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Mist Netting in Red Butte Canyon

In the summer of 2013, Tracy Aviary began participating in mist-netting and banding efforts directed by Dr. Cagan Sekercioglu, PhD student Evan Buechley, and other collaborators of the University of Utah’s Department of Biology.  The Aviculturists and other employees of Tracy Aviary help release birds from nets and gather data; in turn, the University gets reliable help handling fragile passerines.

Sixteen mist nets are set up in Red Butte Canyon Research Natural Area.  Between 5 and 25 birds are captured at each session.  Data on bird species, weight, age, sex, feather condition, and other aspects are collected to analyze against data from other areas and years.  “With this data, we can determine how birds utilize habitat for breeding and migrations, as well as track changes in the demographics of bird populations, including deciphering population trends, longevity, reproductive rates, and site fidelity, among other things” said University of Utah PhD student Evan Buechley.  Birds’ legs are affixed with metal bands to keep track of recaptures within their breeding and, ideally, wintering distributions.  “With already banded birds that you recapture, it’s great to look at their brood patch to see if they’re raising young, learn about their reproduction, and gather information on what they’re doing” said Interactive Keeper Megan Keil.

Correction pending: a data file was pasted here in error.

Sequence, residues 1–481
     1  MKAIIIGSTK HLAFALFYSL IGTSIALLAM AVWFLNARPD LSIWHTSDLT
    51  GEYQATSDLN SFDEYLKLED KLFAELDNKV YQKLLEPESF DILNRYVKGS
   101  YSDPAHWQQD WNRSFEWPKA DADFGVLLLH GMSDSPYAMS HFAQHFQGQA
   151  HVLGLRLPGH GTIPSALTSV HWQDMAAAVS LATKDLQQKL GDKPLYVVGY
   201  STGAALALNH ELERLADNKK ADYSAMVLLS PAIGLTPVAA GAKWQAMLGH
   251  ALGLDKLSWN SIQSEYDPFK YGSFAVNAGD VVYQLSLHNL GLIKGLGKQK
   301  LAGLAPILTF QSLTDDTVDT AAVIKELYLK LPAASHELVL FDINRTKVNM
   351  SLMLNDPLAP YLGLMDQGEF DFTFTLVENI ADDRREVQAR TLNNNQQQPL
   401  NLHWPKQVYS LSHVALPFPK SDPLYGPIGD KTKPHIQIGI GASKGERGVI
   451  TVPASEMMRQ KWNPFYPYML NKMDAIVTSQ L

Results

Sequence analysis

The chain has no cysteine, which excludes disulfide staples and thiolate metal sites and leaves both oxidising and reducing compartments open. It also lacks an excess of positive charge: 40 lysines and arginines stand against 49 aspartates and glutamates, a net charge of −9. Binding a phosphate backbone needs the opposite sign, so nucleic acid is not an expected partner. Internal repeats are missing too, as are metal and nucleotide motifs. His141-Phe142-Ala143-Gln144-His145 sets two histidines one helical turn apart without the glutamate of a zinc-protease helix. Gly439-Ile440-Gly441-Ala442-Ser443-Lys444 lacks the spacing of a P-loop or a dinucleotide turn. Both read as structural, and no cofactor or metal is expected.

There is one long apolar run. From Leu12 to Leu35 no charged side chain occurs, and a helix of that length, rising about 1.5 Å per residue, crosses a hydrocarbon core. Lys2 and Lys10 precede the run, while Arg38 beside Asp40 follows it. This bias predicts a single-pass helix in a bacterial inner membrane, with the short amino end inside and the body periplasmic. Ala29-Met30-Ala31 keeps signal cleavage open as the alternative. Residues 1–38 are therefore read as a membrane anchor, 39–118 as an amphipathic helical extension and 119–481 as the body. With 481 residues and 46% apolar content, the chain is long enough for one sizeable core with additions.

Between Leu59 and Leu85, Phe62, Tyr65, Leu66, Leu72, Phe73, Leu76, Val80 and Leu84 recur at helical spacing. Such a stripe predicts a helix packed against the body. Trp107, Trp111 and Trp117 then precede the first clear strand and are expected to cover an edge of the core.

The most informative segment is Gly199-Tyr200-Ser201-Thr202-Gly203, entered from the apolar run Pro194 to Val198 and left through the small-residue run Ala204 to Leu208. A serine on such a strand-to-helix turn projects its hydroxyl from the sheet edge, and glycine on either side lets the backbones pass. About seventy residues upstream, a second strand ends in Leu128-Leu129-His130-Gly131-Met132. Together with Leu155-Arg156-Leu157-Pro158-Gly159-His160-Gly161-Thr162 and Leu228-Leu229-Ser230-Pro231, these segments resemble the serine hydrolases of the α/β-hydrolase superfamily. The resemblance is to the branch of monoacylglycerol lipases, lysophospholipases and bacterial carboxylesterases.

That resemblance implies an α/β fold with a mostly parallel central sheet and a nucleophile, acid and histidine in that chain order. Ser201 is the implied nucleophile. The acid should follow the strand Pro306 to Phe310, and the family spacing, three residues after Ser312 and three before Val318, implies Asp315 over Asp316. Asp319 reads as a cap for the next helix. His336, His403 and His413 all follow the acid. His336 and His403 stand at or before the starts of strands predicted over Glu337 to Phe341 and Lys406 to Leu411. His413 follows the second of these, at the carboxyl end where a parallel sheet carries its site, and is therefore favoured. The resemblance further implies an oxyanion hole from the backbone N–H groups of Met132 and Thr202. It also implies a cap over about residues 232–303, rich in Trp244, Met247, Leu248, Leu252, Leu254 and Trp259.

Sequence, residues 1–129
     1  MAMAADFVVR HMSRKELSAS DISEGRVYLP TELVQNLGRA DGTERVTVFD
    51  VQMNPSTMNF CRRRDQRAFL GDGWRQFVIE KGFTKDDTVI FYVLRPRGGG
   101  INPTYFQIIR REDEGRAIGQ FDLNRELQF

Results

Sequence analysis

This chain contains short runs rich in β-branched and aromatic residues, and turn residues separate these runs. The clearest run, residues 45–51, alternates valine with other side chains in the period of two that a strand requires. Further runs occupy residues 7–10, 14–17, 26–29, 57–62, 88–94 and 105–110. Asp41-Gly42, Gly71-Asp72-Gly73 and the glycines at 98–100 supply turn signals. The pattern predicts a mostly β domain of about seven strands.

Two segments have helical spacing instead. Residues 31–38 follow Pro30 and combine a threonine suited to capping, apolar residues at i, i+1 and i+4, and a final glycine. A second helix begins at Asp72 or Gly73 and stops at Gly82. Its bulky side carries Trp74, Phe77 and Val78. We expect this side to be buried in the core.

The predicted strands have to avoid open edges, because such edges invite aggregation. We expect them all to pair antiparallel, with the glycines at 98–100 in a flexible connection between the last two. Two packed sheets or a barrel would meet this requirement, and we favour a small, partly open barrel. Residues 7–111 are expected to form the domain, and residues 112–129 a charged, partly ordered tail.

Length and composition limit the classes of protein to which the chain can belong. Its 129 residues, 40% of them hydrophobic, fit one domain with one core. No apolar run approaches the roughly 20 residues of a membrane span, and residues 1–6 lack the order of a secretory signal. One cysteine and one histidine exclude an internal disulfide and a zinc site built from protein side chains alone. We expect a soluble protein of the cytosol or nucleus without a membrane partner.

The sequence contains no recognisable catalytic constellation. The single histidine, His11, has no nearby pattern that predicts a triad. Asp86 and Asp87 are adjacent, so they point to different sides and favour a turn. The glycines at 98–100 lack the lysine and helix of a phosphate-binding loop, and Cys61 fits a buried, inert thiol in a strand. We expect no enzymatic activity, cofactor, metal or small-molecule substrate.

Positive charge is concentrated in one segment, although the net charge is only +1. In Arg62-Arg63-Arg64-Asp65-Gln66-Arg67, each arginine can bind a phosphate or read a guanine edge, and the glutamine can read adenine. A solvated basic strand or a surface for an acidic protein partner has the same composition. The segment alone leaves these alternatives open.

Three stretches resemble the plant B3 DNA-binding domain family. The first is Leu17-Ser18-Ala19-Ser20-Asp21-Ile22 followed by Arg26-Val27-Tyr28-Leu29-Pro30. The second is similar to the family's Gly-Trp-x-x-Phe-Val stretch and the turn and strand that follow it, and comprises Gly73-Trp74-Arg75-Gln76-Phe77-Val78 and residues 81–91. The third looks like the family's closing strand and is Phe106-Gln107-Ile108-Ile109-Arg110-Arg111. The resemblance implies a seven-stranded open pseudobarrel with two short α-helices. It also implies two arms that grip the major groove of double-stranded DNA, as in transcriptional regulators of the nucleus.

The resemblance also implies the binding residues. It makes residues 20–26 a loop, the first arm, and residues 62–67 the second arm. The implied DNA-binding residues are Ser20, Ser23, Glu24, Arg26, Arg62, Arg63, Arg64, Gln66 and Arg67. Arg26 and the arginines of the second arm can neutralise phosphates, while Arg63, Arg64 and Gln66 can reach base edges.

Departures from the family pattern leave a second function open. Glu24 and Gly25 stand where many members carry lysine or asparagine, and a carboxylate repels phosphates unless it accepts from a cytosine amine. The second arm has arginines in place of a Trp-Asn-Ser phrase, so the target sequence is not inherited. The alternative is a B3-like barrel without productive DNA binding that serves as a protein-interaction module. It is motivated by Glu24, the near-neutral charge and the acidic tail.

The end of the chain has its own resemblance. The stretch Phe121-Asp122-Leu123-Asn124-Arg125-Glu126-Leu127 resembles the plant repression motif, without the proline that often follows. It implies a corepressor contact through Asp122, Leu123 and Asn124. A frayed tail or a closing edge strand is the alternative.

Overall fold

“It was amazing just getting the chance to do this,” said Education Intern Libby Ales.  “If we promote conservation, it’s good that we also participate in it and set an example of how to help, from efforts like banding down to small efforts like recycling.”  Relief Keeper James Harline says he enjoys being able to talk to Tracy Aviary guests about his field work experience.  “We are the face they see representing the birds…We are trying to work toward the public having a better understanding, so it’s good for us to go out and see and do things like this.  Then we can come to work and tell guests, ‘I remember when I was out doing field work, we saw this bird, so I know you can go to this canyon and see it too.”